Author – Galina Datskovsky

A few weeks ago we saw yet another email scandal. The Democratic National Committee (DNC) emails were hacked and over 19,000 emails were made public during the convention. The revelations lead to the resignation of the chair of the DNC and dominated the discourse during the opening night of the convention. It is amazing that in today’s world, after the revelations of the Sony emails, anyone would still write emails of this sort. Whatever happened to the old saying, “if you don’t want it on the 5 o’clock news, don’t put it in an email!” It seems like there is a general feeling of “it won’t happen to me” that permeates many organizations. So what is one to do?

Well first, there is no legal or regulatory obligation to retain certain information. When that is the case, what is the purpose of using email to communicate, especially when it is temporary in nature, as most of the DNC information looks to be. What is the purpose of creating records when none are needed or operationally required? Perhaps that goes to the complexity of training people on when to use various means of communication. Email is one of the largest targets for any hacker, so why create email when unnecessary? When a file or another attachment needs to be sent, or when a record needs to be created, email may well be the best means of communication. When a record is required, but needs to be kept extra secure in a specific repository and further, it needs to be the only copy of record. Or when no record is actually required at all, and written communication is simply used because no one wants to pick up the phone. Policies and training are needed for all scenarios and communication channels.

Here is where secure ephemeral messaging comes in. Many of the conversations that were had could have been performed over secure text. Technology today provides for secure, private conversations and even compliant ones. These secure conversations prohibit sharing of information, protect against screenshots and are ephemeral in nature. Information is not stored on devices nor servers, eliminating the fear of hackers and remove the content from the devices and servers to further eliminate security risks. As organizations are reviewing options for communication channels and use, Secure ephemeral messaging should certainly be included in the mix.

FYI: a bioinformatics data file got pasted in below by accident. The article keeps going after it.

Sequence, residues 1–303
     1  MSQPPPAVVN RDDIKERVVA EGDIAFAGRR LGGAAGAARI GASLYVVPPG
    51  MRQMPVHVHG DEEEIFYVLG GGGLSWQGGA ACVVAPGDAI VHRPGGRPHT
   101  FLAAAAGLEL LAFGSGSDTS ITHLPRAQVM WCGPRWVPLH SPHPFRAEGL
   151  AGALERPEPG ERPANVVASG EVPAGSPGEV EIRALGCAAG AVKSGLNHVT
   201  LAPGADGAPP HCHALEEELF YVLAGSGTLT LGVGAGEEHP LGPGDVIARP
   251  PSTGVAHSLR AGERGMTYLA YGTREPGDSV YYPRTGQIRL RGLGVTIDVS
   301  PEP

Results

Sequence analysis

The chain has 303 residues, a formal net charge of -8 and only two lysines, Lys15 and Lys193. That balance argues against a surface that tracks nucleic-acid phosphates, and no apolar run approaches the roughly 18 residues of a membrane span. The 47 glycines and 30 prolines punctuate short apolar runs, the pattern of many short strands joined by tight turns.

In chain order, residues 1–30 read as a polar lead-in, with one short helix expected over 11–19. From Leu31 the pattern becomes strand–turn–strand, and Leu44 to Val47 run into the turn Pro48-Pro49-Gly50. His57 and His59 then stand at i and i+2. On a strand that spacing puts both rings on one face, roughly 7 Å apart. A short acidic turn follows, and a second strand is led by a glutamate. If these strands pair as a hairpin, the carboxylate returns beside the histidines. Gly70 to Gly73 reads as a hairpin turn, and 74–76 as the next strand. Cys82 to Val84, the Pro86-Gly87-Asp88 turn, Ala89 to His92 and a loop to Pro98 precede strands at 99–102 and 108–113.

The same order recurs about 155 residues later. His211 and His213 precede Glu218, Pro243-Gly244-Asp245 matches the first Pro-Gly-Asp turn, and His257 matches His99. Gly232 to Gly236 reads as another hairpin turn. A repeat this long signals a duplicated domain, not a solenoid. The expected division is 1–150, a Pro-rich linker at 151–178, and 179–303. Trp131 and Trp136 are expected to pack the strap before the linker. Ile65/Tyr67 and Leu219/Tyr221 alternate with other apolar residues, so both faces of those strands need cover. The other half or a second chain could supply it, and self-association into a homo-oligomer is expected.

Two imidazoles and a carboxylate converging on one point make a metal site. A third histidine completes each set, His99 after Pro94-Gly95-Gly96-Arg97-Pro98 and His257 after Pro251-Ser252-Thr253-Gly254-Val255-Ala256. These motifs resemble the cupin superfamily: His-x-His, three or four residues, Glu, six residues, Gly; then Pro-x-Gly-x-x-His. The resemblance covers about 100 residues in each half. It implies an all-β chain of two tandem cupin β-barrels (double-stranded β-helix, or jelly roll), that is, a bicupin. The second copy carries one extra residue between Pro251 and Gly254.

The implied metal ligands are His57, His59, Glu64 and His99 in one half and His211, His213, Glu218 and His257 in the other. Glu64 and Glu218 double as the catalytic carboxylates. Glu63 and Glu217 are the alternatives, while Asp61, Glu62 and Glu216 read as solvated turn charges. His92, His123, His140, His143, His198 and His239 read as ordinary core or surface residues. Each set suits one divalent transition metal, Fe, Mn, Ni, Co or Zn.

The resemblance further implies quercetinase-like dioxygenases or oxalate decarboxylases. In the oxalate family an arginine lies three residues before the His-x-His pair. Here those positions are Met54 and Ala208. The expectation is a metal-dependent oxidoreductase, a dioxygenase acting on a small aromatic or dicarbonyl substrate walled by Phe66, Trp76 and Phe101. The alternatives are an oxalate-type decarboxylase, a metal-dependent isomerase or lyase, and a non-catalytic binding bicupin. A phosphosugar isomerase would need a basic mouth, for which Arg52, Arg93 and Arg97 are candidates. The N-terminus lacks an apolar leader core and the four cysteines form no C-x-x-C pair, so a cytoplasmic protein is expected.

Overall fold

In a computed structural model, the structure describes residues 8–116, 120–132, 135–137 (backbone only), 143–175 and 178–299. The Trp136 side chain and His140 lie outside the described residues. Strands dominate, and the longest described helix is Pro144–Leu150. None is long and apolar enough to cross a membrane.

In short, however, every organization should clearly learn the following lessons from the DNC hacking situation.

1. If you do not want to see it in the news, NEVER put it in email
2. Be very clear about sanctioned corporate methods of communication and when to use each one
3. Do not become complacent and say you cannot train your people on when to use various means of communication. It is much easier to do that than to suffer the reputational damage.
4. Store information that is required in a secure corporate repository, not on everyone’s laptop or mobile device. Those repositories are easier to secure and protect.
5. Use ephemeral messaging for items you do not want to lose control of.
6. Do not give third parties the ability to store any of your information that you do not want them to store. Send items in a way that has them expire.
7. Train your employees and contractors on what applications to use and when to use them.
8. Live by the principle that most people do not understand security and privacy and make it an integral part of your culture.

These 8 easy steps would have helped the DNC avoid the public embarrassment they suffered and will continue to suffer as their emails are released. Every organization should learn from these very public mistakes and avoid the same destiny.

To find out more about how secure ephemeral messaging could have been used to avoid this dilemma, contact us or request a demo.